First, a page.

I am inclined to believe Chief Minister Jayalalithaa when she states that some miscreants had spread rumours on the timing of the distribution to bring a bad name to her Government.

Consider the following:

  • relief operations on a massive scale have by and large been going on smoothly, except for an earlier stampede in November and this one,
  • the chorus of calls for her resignation from the assorted local opposition outfits that differ in name by a few letters but are united in their greed for power,
  • Karunanidhi's statements
    "Where is law and order in the State? The question of failure [in law and order] would arise only then?"
    Link Karunanidhi statement.
  • Assemby elections coming up in the first half of next year, and
  • Dayanidhi Maran saying he will submit a report to the Central Government


Is the ground being prepared for the imposition of Governor's Rule through Article 356 in Tamil Nadu before the elections so that some can get the extra edge? How easy it is to exploit a tragedy politically!

2. Keep your hands off the private sector, UPA!

I read that the UPA govt. is planning to further its "social justice" agenda through the politician's favored approach to sow social distrust and discord - the quota system (see Times of India link UPA govt. plans job quota in private sector).

Of course, given ToI's standards of journalism (see my earlier critique of CP Surendran's op-ed) and its well-known inclination to fill pages with gossip and innuendo masquerading as news reports, can we put much stock in this report?

Indeed, the report itself seems to contradict itself, when it initially states:

Sources say government, which had so far maintained that it would leave it to the private sector to consider introducing job reservations, is now bringing both an amendment to the Constitution, as well as enacting a new law for the purpose.


but later,

Unlike the law officer who felt that government would’ve to amend the Constitution to satisfy the clamour for pushing the quota frontiers, the ministry has held that the purpose can also be achieved by enacting an ordinary law and placing it under the 9th Schedule of the Constitution for immunity from legal challenge.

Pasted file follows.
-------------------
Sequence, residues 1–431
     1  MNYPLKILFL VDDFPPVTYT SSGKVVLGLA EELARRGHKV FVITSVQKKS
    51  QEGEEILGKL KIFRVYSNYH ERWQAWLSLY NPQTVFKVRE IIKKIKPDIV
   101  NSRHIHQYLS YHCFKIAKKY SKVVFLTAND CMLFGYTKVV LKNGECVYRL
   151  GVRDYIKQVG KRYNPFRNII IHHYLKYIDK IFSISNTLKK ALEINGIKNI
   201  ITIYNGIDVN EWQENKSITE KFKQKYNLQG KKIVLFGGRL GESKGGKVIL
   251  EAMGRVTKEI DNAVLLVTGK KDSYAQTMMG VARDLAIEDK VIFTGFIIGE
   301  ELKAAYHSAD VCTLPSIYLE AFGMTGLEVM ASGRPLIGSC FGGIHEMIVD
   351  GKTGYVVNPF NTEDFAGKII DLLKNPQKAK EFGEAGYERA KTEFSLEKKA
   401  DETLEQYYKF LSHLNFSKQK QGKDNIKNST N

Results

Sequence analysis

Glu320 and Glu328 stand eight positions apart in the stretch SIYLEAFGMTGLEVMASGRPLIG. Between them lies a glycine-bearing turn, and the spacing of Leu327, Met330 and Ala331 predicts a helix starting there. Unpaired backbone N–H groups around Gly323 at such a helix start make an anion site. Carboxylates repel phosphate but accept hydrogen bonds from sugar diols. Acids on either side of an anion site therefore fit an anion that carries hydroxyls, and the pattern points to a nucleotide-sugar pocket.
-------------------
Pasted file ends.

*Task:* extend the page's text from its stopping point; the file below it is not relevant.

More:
Clearly, the latter quote implies that one doesn't need both amendment and law to introduce the disastrous idea of reservations in the private sector. And, given our MPs tendencies to shirk work, why would they do tow things, when they need to do only one?

Leaving aside the merits of the report, what on earth is the UPA govt. thinking by introducing reservations by law in the private sector? Why now? Is this an admission that public sector quotas are not doing their job (no pun intended)? Do the following come under the private sector - a start-up of 10 people, retail stores (ranging from potti kadai to the Big Bazaar-types), small scale industries, massive corporations? Can you imagine the hassles of recruiting to the quota, when you are trying to start-up a company?

If the law comes in to place, the govt. would obviously be in charge of enforcing these quotas. You can be sure that this leads to more corruption, declining productivity, and our country becoming an economic wasteland.

3. The Left and BPOs

With increased economic and career opportunities beckoning youths nowadays, thanks to the rise in business process outsourcing to India, the Left is becoming more and desparate when it finds that its conventional recruiting bases are no longer yielding sufficient recruits. Of course, by recruiting bases I mean the millions of fresh-out-of-college graduates who had no prospects and hopes, in the era of government-controlledstrangled economies.

As a result, the Left, through its outfits like the trade unions is desperate to enter the BPO space and wreak havoc there, under the guise of "improving labour conditions". Regulate BPO sector, says CITU

As predicted in my news round-up of Dec. 17, the Left is using the gory murder of Pratibha as an excuse to make another attempt into interfering with the BPO sector.

What thrilled me was the following statement: